The style of the cottage ornee, dicatated that the setting for the cottage should fulfill certain criteria, such as a scenic wooded landscape, nearby river or lake, unimpeded views over natural landscape and a raised profile from which to enjoy this scenery. The Swiss Cottage in Cahir certainly fulfills all these prerequisites for a cottage orneé, with its woodland setting on the banks of the River Suir, with stunning views towards the Galtee Mountains and down river to Cahir Castle.
The Swiss Cottage was built around 1810 and was the rural residence of the Butler's who used the cottage as a country lodge and for entertainment purposes. The butler's spent a considerable amount of money decorating the house and landscaping the area around the cottage to create their ideal 'cottage orneé' going as far as displacing some 'actual' peasants from their dwellings to ensure total privacy and unimpeded views.
Unfortunately, the cottage was neglected for years and it was only through the efforts of members of the local community and generous donators, that the cottage was rescued from irreparable damage. The cottage would not have survived another year and the roof was already caving in and the thatched roof was ruined. Thankfully a huge amount of money was ured into the restoration of the cottage and it is now back to its former glory and splendour and is run as a public attraction by the Office of Public Works.
Mid March: Tues-Sun 10:00-13:00 14:00-16:30 April: Tues-Sun 10:00-13:00 14:00-18:00 May-Mid Oct: Daily 10:00-18:00 Mid Oct-Nov:
The interior of the cottage was elaborate and lavish with the best of materials used in it's styling and decoration. The wall paper used in the Salon was one of the first examples produced by the Parisian wall papeer factory - Dufour. The wall paper depicts scenes from Constatinople (present day Istanbul) with classical and rural scenes. It was common in the style of the cottage orneé to include scenes such as this while also incorporating oriental and exotic influences. While most of the wall paper was destroyed during the years of neglect, some of the original wallpaper has rescued and is original. The same can be said of the beautiful wooden floors (walnut) some of which has been rescued and restored, while other parts have had to be replaced. The window panes are also worth noticing. The original ones can be spotted by the ripples in the glass and smoky tint to the colour. The windows show a mix of classical and rural scenes just as in the wallpaper.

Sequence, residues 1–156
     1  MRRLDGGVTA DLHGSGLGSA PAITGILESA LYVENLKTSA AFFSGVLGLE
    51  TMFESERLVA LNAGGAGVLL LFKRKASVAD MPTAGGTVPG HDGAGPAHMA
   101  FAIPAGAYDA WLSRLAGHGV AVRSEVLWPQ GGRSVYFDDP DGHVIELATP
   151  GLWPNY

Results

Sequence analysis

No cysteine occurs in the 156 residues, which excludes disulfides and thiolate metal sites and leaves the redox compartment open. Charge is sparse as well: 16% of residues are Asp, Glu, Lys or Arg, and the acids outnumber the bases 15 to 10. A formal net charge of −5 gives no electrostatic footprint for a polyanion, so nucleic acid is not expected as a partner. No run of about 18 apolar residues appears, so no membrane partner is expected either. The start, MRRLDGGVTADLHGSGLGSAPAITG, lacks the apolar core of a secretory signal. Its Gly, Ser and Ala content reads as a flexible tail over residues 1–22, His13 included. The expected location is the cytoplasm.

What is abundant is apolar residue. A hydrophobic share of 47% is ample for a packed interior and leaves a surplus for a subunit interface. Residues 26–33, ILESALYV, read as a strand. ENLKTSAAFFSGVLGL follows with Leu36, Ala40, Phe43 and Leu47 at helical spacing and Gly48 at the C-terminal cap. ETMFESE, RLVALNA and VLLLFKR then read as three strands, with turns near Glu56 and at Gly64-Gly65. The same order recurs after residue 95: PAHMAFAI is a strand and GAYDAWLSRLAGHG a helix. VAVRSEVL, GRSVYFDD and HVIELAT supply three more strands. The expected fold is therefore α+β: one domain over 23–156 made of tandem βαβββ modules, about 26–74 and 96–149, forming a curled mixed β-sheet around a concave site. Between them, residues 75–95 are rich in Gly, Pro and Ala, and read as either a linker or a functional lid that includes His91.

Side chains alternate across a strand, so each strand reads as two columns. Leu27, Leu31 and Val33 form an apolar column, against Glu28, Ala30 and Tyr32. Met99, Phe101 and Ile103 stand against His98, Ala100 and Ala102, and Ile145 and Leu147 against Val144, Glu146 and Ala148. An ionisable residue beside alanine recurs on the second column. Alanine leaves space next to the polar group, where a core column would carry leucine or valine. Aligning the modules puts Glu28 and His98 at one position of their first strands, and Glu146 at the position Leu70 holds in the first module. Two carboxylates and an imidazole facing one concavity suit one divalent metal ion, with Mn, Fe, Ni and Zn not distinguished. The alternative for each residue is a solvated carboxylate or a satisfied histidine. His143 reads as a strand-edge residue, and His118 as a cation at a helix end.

Inside, as with the exterior, the cottage is influenced by nature with the symmetry and design being deliberately irregular and uneven. All sides of the cottage are unique and even the window lines are slanted. The windows of the cottage are all different with arched windows standing beside pointed windows. Even the doors are irregular with steps into some while across the hall the door is level with the floor. This was all part of the style of the cottage orneé which followed the idea that nothing in nature was the same. The groud terrace roof is supported by trunks of natural wood, giving the impression that the cottage itself has grown from the ground.
Photos are not allowed inside (I took mine through the windows which I was told was allowed...apparently!!!)
The drive from Lismore to Cahir wasn't nearly as arduous as I thought, I see the word mountains and I automatically think "oh crap" but the drive wasn't bad at all and was relatively scenic. You'll see signs as you drive along R668 for The Vee which as you'd suspect offers a V shaped view of the valley as you are driving through the mountains, there's a place you can pull off the road and snap a photo or two.
The name Knockmealdown isn't nearly as interesting as it sounds, it translates into "bare brown mountain".
The Walk along the River Suir takes you from the Castle to the Swiss Cottage. The river walk is a nice stroll through the wooded area whihc surrounds the castle grounds and cottage. The walk passes by the well maintained golf course which is situated on grounds used by the Butler's for hunting and fishing while staying and entertaining visitors at the Swiss Cottage.
As you reach the Cottage Orneé you cross a bridge over the Suir. The bridge dates from 1928.